The FINANCIAL -- Research by
the University of Liverpool has found significant levels of iron and
other micronutrients flowing from a hydrothermal vent in the South
A team of scientists took samples from a range of depths as they travelled across the South Atlantic from Brazil to Namibia. Analysis of the samples revealed a distinct plume rich in iron and micronutrients above the mid-Atlantic ridge stretching for more than 1000km, according to University of Liverpool.
Previous studies of the region had found little presence of helium which was thought to be an indicator of hydrothermal iron supply and it had therefore been assumed the slow spreading ridges were not important iron sources.
The mid-Atlantic Ridge is a band of mountains and valleys running along the Atlantic Ocean floor from the Arctic to the Antarctic where several of the Earth’s major tectonic plates are slowly spreading apart.
Hydrothermal vents, or fractures in the Earth’s crust, are found along the mid-Atlantic ridge, but these haven’t been extensively studied because slow-spreading ridges are thought to be less active than fast-spreading ridges of the Pacific, according to University of Liverpool.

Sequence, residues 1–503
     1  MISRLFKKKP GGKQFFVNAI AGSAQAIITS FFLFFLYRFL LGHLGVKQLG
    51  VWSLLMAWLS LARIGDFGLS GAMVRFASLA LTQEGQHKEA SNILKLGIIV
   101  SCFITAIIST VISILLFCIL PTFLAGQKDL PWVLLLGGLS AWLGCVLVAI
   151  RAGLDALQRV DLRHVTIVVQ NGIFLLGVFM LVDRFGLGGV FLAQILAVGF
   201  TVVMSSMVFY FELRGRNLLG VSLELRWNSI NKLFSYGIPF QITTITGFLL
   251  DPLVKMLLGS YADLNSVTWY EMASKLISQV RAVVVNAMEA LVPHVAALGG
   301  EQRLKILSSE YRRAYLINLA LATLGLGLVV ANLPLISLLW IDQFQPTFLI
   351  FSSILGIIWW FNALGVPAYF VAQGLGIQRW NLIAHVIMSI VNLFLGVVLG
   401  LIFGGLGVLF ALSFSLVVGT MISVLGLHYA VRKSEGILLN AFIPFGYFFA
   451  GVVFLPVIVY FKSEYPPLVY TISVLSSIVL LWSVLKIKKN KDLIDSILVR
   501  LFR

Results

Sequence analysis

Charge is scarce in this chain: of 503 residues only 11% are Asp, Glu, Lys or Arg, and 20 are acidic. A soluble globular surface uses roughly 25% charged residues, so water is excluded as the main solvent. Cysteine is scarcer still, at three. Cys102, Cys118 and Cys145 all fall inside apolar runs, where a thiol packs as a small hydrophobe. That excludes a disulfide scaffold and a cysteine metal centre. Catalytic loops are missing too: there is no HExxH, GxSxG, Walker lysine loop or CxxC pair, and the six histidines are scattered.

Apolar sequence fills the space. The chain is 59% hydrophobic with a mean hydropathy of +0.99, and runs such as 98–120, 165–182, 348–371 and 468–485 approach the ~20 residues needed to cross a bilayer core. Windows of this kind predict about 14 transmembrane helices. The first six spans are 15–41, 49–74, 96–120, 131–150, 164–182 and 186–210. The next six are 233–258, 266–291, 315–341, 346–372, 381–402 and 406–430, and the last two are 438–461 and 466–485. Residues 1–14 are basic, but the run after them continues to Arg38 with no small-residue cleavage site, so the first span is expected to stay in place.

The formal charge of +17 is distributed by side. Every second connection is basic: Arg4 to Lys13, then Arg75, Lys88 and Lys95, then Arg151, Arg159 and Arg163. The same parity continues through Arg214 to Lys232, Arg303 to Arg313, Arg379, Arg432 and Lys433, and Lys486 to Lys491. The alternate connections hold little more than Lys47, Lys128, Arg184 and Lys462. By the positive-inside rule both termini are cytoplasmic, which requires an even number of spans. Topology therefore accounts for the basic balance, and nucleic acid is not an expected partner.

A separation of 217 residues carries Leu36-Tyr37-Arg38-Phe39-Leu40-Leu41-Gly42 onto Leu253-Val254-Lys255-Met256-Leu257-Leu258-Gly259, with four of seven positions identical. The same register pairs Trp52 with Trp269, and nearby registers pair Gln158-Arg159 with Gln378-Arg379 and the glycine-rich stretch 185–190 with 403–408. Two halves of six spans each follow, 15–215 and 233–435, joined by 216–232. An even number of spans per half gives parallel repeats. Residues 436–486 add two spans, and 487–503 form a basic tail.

“From our knowledge of helium distributions, we did not expect these slow spreading ridges to be significant sources of iron," said Dr Alessandro Tagliabue, from the University’s School of Environmental Sciences. “Our research findings challenge our current understanding of the importance of hydrothermal iron sources and implies we have underestimated their importance to the ocean system,” he added.
The study found that levels of iron in the plume were 80 times higher than in the fast spreading ridges of the South East Pacific. Iron is a critical element for ocean life which stimulates the growth of phytoplankton in many marine habitats and is therefore important in the ocean’s carbon cycle, according to University of Liverpool.
“Further studies of the plume and other slow spreading ridges are necessary to discover the fuller implications of these findings and how hydrothermal systems affect the Ocean as a whole,” added Dr Tagliabue.